NEMO Working Group Souhwan Jung Internet-Draft Soongsil University Expires: December 22, 2003 Felix Wu University of California at Davis Hyungon Kim Seungwon Sohn Electronics and Telecommunications Research Institute June 23, 2003 Threat Analysis for NEMO draft-jung-nemo-threat-analysis-00 Status of this Memo This document is an Internet-Draft and is in full conformance with all provisions of Section 10 of RFC2026. Internet-Drafts are working documents of the Internet Engineering Task Force (IETF), its areas, and its working groups. Note that other groups may also distribute working documents as Internet- Drafts. Internet-Drafts are draft documents valid for a maximum of six months and may be updated, replaced, or obsoleted by other documents at any time. It is inappropriate to use Internet-Drafts as reference material or to cite them other than as "work in progress." The list of current Internet-Drafts can be accessed at http:// www.ietf.org/ietf/1id-abstracts.txt. The list of Internet-Draft Shadow Directories can be accessed at http://www.ietf.org/shadow.html. This Internet-Draft will expire on December 22, 2003. Copyright Notice Copyright (C) The Internet Society (2003). All Rights Reserved. Abstract This document describes possible security threats on mobile networks that include multi-homing. Many different kinds of security threats exist on signaling and communication paths including mobile routers and home agents. It is also the goal of this draft to explain a three-layer threat model and to investigate vulnerabilities of the network entities in NEMO. S. Jung et. al. Expires December 22, 2003 [Page 1]
Internet-Draft Threat Analysis for NEMO June 2003 Table of Contents 1. Motivations 2. Three-Layer Threat model 3. Threats to Target Protocols/Services 3.1 Threats to Signaling Plane 3.2 Threats to Communication Plane 4. Threats to Target Entities/Entry Points 4.1 Compromise of MR 4.2 Compromise of HA 4.3 Compromise of FA 4.4 Denial of Service 4.5 Threats to Location Privacy 5. Security Considerations 6. Conclusions References Authors' Addresses Intellectual Property and Copyright Statements S. Jung et. al. Expires December 22, 2003 [Page 2]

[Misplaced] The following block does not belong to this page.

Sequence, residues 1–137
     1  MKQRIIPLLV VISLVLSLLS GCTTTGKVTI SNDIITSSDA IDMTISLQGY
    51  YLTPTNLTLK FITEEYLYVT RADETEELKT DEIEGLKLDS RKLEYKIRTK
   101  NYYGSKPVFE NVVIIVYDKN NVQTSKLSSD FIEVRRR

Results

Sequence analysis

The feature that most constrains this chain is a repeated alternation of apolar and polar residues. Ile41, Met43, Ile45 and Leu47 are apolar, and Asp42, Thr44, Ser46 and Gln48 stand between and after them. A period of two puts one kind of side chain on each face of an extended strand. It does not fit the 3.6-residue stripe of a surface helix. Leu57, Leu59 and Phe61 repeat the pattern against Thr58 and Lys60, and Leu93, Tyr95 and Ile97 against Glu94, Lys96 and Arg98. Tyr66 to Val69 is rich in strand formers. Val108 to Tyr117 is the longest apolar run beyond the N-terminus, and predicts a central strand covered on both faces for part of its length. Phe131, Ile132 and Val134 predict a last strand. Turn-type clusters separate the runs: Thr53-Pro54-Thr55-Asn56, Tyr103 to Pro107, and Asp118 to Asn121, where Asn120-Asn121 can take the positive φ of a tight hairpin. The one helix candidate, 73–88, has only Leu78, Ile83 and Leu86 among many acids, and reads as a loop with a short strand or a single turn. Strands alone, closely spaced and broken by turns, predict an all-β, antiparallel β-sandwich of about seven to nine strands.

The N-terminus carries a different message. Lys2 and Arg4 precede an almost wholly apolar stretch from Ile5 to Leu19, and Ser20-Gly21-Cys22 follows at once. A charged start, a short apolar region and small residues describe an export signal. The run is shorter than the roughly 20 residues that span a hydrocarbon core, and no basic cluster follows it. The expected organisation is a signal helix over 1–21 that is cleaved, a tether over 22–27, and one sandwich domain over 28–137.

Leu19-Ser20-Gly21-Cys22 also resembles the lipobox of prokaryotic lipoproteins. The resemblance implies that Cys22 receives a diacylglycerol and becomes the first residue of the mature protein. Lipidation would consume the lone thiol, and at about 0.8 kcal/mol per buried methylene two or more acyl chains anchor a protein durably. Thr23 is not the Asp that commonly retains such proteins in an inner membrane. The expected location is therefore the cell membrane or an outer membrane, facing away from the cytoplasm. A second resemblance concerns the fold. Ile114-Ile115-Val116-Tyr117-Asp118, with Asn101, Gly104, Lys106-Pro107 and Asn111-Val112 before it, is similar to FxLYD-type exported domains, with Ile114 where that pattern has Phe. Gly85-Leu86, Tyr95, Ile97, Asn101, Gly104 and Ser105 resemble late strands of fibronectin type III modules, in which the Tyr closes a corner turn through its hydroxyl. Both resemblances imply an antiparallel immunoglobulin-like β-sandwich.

Internet-Draft Threat Analysis for NEMO June 2003 1. Motivations Networks in motion (NEMO) introduces a new network entity called Mobile Router(MR). MR has different features from Mobile Hosts that is operated based on Mobile IP technologies. Since MR functions both as a mobile node and a gateway to provide a mobile network with Internet access in outside world, it needs specific treatment for managing operations and securities. In real world, many different types of NEMO configurations are possible including multi-homing, which means that new kind of threats specific to NEMO should be taken care of. For example, MR can advertise its IP prefix to the access routers in foreign domain, and this message can be intercepted and modified to advertise different prefix of malicious attacker. This makes address stealing attack possible: the packets that should be delivered to the mobile router are destined to the attack router. Therefore, those messages like address advertisement should be protected using authentication. This draft proposes a three-layer threat model for analyzing vulnerabilities of NEMO protocols and entities. Based on the model, we describe and classify all possible threats to NEMO, and analyze those threats according to their properties and scopes. 2. Three-Layer Threat Model A huge number of different threats to network entities in NEMO are possible and hard to describe all of them in a row. Some of the threats can have multiple paths to achieve their goals, which means that many different types of attacks are possible to obtain the same objective that the attacker tries to achieve. Therefore, it requires a hierarchical threat model to describe and classify all different threats to NEMO. This draft proposes a three-layer threat model to describe all possible threats to NEMO according to their objectives/properties, target protocols/services, and target entities/entry points. This model is composed of a three-layer stack; objectives/properties on the top layer, target protocols/services for attack on the second layer, and finally target entities or entry points for attack at the bottom layer. The objectives of threats are usually a limited number of goals that attackers try to achieve in abstract level. They could be like eavesdropping of data, impersonation, data corruption or modification, unauthorized use of resources, repudiation, and blocking services to clients. The generic goals of security mechanisms therefore are such as confidentiality, integrity, authentication, authorization, non- repudiation, and service availability against those attacks, which are common to all the security frameworks. The second layer of the stack is composed of target protocols or services for attack. Attackers always try to find vulnerabilities to network protocols or services by monitoring protocol or service data specific to the target. In NEMO, for example, binding update (BU) message or address advertisement messages by MRs could be target data for attack. Most of NEMO signaling protocols could be the target at the second layer. Therefore, the vulnerabilities to the basic NEMO mechanism should be scrutinized for the analysis. In the next section, this draft will describe those vulnerabilities and possible threats related to them. The bottom layer of the threat model is comprised of target entities or entry points for attacks. NEMO includes many network entities called MR, HA, FA, and CN etc. Any of these entities could be a victim for attack and be compromised. All the possibilities of different types of attacks should be investigated based on the assumption of these compromises. For example, the compromise of MR can lead all the MNNs and FNs inside the mobile network with a compromised MR to interception of their data or deception of their connection to a fake HA or FA. The MNNs or FNs inside the mobile network have no knowledge of the compromised MR since the NEMO protocols are transparent to their connections. In section 4, those threats will be analyzed and described. 3. Threats to Target Protocols and Services This section describes threats to NEMO protocols and services. NEMO operations are composed of two different planes; one is the signaling plane for changing control or routing information, and the other is the communication plane for data transmission between nodes. The threats specific to each plane will be investigated. 3.1 Threats to Signaling Plane The basic NEMO operations have three different signaling paths between entities; the first path is the signaling between MR and FA, the second one is the signaling between MR and HA, and the final is the signaling between MR and CN. Each signaling messages can be interrupted and modified by attackers on the way of the signaling paths. The following threats exist over signaling paths. - Man-in-the-middle between MR and HA This threat means that an attacker resides between MR and HA, and intercepts the signaling messages such as CoA(Care-of-Address) or BU messages. The messages could be modified and transferred to the HA with corrupted information. For example, the attacker compromises the access router, and intercepts and modifies all the messages that goes through the access router. One of the attack results will be the registration of MR to HA with wrong binding information. Security mechanism for bi-directional tunneling like IPsec could prevent this threat. - Discard registration messages from MR to FA This threat is a sort of DoS attack to block network connectivity service to MR. The attacker compromises the FA, and keep discarding the registration message from MR. The result of the attack is no availability of network connection service to the mobile networks. - fake MR Mobile network could have multiple MRs for the case of multi- homing. Assume that there is a mobile network with a single MR. The fake MR claims to be the second MR for multi-homing the victim mobile network, and register to FA with another spoofed IP prefix. The fake MR advertises its spoofed IP prefix to the new MNNs that comes into play. Then the victim MNN gets the wrong IP address from the fake MR, and starts to communicate via the fake MR. - fake FA When a mobile network enters into a new region, the MR of the network tries to find an access router for network connection. The MR will advertise its IP prefix and wait for the advertisement of CoA from the FA. At this time, the fake FA can intercept the message and assign a false CoA to the victim MR. The result of this attack will be that the entire mobile network will be connected to a wrong Internet access. - corrupted routing information Attacker may send corrupted routing information to MR and cause network instability such as network congestion or looping. 3.2 Threats to Communication Plane - eavesdropping/replay of messages between MR and HA All the data packets between MR and HA have to go through the bi-directional tunnel. This tunnel should be secured by IPsec. But some of the routing information that may not go through this tunnel should be secured. - eavesdropping/replay of messages between MNN and CN The messages between MNN and CN are going through the bi- directional tunnel, but there is no protection against sniffing data between MR and FA or between HA and CN. So security mechanisms should be applied on the part of the path uncovered. - traffic analysis Monitoring and analyzing the characteristics of data traffic along the communication paths reveals some information on routing and location privacy. 4. Threats to Target Entities The basic network entities in NEMO are MR, HA, FA, CN on the main network, and FN and MNN in the mobile network. Any of these entities could be the target for attack, but this draft does concern only on threats to entire mobile network rather than the individual nodes inside the subnet. We will investigate possible threats by compromising the network entities. The compromise of an entity means that attacker can access the entity, and change or modify data inside the system. The following attacks are possible with the compromise of each entity. The authentication mechanism for each entity therefore should be applied. 4.1 Compromise of MR - MR-A spoofing MR-A is the permanent address assigned statically or dynamically to the MR by HA. MR-A should be used for identification of MR while it is in the visited domain. The compromised MR can register to FA with a spoofed MR-A, and try to collect data destinated to the victim address. - MR-CoA spoofing MR-CoA is the Care-of-Address assigned to the egress interface of MR by FA. The compromised MR can send a BU message to HA with a spoofed CoA, and collect the data that were destinated to the victim FA. - Cache poisoning The cache data for routing table in MR can be corrupted to subvert routing path. The data packet could be redirected or looped causing network instability. 4.2 Compromise of HA - sniffing of tunneled packet The IPsec transport mode should be used for securing the tunneled packets between MR and HA. With the compromise of the HA, the attacker can sniff the decrypted data packet in HA. - corruption of binding cache HA keeps managing the BU information on binding cache. With the corruption of binding information, the attacker can redirects packets to where he want to deliver them. 4.3 Compromise of FA - DoS to MNN and FN The compromised FA can reject registration message from MR, thus blocking the network access to the MNN and FN within the victim subnet. 4.4 Denial of Service Denial of Service attack is possible against MR and HA by flooding BU messages and bogus tunneled packets. The attack can be more effective with distributed fake MRs or HAs. 4.5 Threats to Location Privacy The location of MR or MNN inside the subnet may be the privacy of the client, so the location information while network is in motion should be secured. Attacker can analyze the header information MR-CoA in the tunneled data packet and identify the location of the MR. Since all the data packets between MNN and CN are also tunneled using MR-CoA as new source address, the location of the MNN can also be disclosed. 5. Security Considerations This document is all about information on threats and security for mobile networks. There should be a separate draft produced by the working group to design a security mechanism for NEMO. 6. Conclusions References  Ernst, T., et al, "Network Mobility Support Goals and Requirements", Internet Draft: draft-ietf-nemo-requirements- 01.txt, Work In Progress, May 2003.  Ernst, T. and H. Lach, "Network Mobility Support Terminology", Internet Draft: draft-ietf-nemo-terminology-00.txt, Work In Progress, May 2003.  Wakikawa, R., et al, "Basic Network Mobility Support", Internet Draft: draft-wakikawa-nemo-basic-00.txt, Work In Progress, February 2003.  Johnson, D. B., Perkins, C. E. and Arkko, J., "Mobility Support in IPv6", Internet Draft: draft-ietf-mobileip-ipv6-21.txt, Work In Progress, February 2003.  Barbir, A. and et. Al, "Generic Threats to Routing Protocols", Internet Draft: draft-ietf-rpsec-routing-threats-01, April 2003.  Kniveton, T. J., et al, "Mobile Router Tunneling Protocol", Internet Draft: draft-kniveton-mobrtr-03.txt, Work In Progress, November 2002.  Petrescu, A., et al, "Issues in Designing Mobile IPv6 Network Mobility with the MR-HA Bidirectional Tunnel (MRHA)", Internet Draft: draft-petrescu-nemo-mrha-00.txt, Work In Progress, October 2002.  Ng, C. W. and Tanaka, T., "Securing Nested Tunnels Optimization with Access Router Option", Internet Draft: draft-ng-nemo-access-router-option-00.txt, Work In Progress, October 2002.  Arkko, J. et. al. ,"Using IPsec to Protect Mobile IPv6 Signaling between Mobile Nodes and Home Agents," Internet Draft: draft-ietf-mobileip-mipv6-ha-ipsec-04.txt, March 2003. Authors' Addresses Souhwan Jung Soongsil University 1-1, Sangdo-dong, Dongjak-ku Seoul 156-743 Korea Phone: +82-2-820-0714 EMail: firstname.lastname@example.org Felix Wu Department of Computer Science University of California, Davis USA Phone: +1-530-754-7070 EMail: email@example.com Hyungon Kim Seungwon Sohn Electronics and Telecommunications Research Institute Intellectual Property Statement The IETF takes no position regarding the validity or scope of any intellectual property or other rights that might be claimed to pertain to the implementation or use of the technology described in this document or the extent to which any license under such rights might or might not be available; neither does it represent that it has made any effort to identify any such rights. Information on the IETF's procedures with respect to rights in standards-track and standards-related documentation can be found in BCP-11. 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